Colorado’s recreational-pot shops are expected to start opening in January. Existing dispensaries “in good standing” can apply for retail marijuana-business licenses, and state law mandates that for the first nine months, only existing medical-marijuana shops can apply for recreational-sales licenses.
Christian Sederberg, an attorney specializing in marijuana law who campaigned for full legalization in Colorado, said medical-marijuana dispensary owners there were also apprehensive about legalizing recreational use. He said most of the trepidation focused on how the federal government would react, as well as the financial impact on existing medical-marijuana dispensaries.
“That was definitely an undertone of what was happening here,” Sederberg said.
He said full-legalization proponents spent a lot of time reaching out to dispensary owners to discuss the benefits of recreational use, attending networking events to make their case and writing and talking about the issue on the radio and in print media.
“We spent a lot of time talking about how this would be a net benefit for all of Colorado, including medical-marijuana businesses,” he said.
Marijuana Policy Project Communications Director Mason Tvert ran Colorado’s legalization initiative last year.
He said medical-cannabis dispensary operators, for the most part, eventually supported recreational use, although some worried about losing business to new competitors. Tvert called that argument “absurd” and said that, ultimately, dispensaries supported the effort.
“For someone to support the continued criminalization for adults for marijuana because they don’t want to potentially face competition from other businesses in a broader market is selfish and really counterproductive,” Tvert said, adding that “most businesses were either neutral or supportive.”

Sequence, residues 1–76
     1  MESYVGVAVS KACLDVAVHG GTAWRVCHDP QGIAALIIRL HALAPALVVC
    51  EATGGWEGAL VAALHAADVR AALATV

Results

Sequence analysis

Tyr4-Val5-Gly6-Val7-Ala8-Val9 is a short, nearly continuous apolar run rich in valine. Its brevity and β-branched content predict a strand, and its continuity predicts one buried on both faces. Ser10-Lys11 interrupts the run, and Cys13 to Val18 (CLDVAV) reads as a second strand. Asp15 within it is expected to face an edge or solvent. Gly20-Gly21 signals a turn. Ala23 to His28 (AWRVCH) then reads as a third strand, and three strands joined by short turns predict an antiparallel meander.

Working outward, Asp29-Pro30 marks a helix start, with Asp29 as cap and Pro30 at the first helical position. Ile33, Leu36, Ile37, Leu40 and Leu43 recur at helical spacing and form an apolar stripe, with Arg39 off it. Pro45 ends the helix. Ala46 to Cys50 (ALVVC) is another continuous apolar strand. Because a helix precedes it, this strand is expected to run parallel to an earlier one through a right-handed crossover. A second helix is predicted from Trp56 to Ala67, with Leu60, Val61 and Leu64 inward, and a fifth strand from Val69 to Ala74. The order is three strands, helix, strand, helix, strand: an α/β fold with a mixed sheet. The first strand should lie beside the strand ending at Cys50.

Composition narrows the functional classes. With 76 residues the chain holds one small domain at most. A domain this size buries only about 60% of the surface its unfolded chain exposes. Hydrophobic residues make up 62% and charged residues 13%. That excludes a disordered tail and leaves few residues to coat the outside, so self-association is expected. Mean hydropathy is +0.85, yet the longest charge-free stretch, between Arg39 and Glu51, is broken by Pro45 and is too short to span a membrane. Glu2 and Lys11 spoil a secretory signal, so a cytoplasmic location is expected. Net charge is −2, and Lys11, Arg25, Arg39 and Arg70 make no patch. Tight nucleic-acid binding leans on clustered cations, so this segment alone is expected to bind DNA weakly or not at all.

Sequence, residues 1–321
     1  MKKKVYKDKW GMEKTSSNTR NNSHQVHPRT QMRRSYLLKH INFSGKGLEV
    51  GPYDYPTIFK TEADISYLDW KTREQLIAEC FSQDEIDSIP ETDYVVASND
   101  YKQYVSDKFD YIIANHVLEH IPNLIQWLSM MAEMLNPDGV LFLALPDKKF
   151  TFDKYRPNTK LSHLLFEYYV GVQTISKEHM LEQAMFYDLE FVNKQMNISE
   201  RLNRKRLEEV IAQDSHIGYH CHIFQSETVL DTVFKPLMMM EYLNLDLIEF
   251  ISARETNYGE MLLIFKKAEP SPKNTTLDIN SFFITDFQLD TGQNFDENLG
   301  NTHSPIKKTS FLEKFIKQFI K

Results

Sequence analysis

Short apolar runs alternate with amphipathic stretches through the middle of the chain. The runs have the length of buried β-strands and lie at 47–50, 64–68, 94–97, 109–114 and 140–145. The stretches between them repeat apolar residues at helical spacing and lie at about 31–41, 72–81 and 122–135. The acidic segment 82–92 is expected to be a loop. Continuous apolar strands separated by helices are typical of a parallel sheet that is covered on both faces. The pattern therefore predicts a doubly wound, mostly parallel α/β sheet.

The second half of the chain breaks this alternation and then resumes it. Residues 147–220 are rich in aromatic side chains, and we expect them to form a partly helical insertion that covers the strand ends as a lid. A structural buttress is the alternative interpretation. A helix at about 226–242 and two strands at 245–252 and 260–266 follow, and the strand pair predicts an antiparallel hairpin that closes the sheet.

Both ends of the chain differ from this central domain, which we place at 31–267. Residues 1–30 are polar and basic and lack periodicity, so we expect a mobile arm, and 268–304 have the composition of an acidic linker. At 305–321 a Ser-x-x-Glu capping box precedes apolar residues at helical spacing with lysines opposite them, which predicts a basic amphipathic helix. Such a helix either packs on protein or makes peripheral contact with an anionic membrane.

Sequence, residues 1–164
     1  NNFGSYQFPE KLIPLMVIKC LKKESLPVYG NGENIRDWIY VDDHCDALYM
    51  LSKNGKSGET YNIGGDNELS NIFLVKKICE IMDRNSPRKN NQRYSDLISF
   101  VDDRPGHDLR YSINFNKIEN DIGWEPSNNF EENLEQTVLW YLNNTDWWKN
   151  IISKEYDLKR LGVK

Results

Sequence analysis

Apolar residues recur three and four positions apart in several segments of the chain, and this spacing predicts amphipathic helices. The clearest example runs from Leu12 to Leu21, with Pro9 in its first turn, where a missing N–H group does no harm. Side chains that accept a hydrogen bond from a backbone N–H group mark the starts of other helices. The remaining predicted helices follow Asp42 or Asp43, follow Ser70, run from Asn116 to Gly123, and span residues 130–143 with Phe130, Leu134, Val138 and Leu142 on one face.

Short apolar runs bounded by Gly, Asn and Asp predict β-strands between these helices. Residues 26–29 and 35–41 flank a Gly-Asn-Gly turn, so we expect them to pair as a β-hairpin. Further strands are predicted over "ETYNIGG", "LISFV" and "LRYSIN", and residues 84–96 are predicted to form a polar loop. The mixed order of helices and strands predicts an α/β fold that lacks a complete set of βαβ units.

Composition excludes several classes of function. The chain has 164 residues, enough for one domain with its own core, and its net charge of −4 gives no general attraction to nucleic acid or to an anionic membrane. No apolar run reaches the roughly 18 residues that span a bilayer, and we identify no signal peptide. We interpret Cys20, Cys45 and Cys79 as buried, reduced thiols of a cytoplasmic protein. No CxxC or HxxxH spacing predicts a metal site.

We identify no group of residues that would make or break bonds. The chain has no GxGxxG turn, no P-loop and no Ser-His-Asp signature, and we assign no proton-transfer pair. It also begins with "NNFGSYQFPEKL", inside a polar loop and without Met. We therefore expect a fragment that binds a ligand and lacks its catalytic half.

“And now that the law has passed, many of the medical-marijuana businesses are very pleased because they recognize the legitimacy that it lends to their products,” Tvert added.
Dr. Edward Kirk, an Arizona dentist whose family owns two dispensaries, in Wickenburg and Quartzsite, thinks pot should strictly be treated as medicine, but he doesn’t worry about losing his hold on the market to other dispensaries that could crop up if the initiative passes.
“I already see people have borderline abused the medical end of what’s out there,” he said. “For full legalization — I don’t think that’s a good idea at this point here. It needs to remain medical.”
Murray Stein, managing partner for Tucson’s Green Halo dispensary, doesn’t have a strong opinion on full legalization but stressed the need to maintain a medical component and state regulation.
“I don’t personally think that full legalization will impact our model,” he said, adding that with 40,000 patients and 68 dispensaries, the market is underserved. “This is a very powerful product. It’s a drug you don’t fool around with. It needs to be properly regulated.”
Marketing and political consultant Jason Rose, who represents a handful of dispensaries called the Regulated Dispensaries of Arizona Association, said those dispensaries are talking with the Marijuana Policy Project about their proposal.
Although declining to discuss the details of those conversations, Rose said: “It’s fair to say that there is concern — significant concern — as to what the (initiative) language looks like. The question is: How would one (dispensary) transition from a program that exists today into a more liberal environment, and what is that structure? You have a system that is working in Arizona, and how would the dispensaries be impacted? That’s a topic of discussion among us and MPP.”
Thai Nguyen, who operates the Herbal Wellness Center in west Phoenix, said that he is anxious about how a recreational-marijuana program would affect established dispensaries and that he will withhold support until the Marijuana Policy Project releases language on how the program would be structured in Arizona.
The public’s support for legalizing marijuana is at an all-time high, according to a national survey of 1,501 people earlier this year by the Pew Research Center. In that survey, 52 percent said marijuana should be legal, while 45 percent said it should not. Pew said support for legalizing pot has risen 11 points since 2010.
Andrew Myers, who ran Arizona’s 2010 medical-marijuana campaign and was paid by the Marijuana Policy Project, said the group’s strategy of trying to create national momentum around the full-legalization effort in 2016 could lead to passage in Arizona.
The key challenge, he said, will be funding the campaign in Arizona and other states where the group is pursuing initiatives. “Of the lists of states that they’re approaching, Arizona is among the least likely to succeed,” Myers said. “Arizona is going to be dependent on a lot of resources.”